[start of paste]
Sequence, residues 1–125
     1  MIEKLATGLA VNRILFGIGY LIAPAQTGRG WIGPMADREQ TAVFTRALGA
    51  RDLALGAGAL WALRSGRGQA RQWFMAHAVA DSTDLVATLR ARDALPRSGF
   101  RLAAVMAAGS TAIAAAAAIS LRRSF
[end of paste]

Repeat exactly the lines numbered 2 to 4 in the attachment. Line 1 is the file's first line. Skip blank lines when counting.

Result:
     1  MIEKLATGLA VNRILFGIGY LIAPAQTGRG WIGPMADREQ TAVFTRALGA
    51  RDLALGAGAL WALRSGRGQA RQWFMAHAVA DSTDLVATLR ARDALPRSGF
   101  RLAAVMAAGS TAIAAAAAIS LRRSF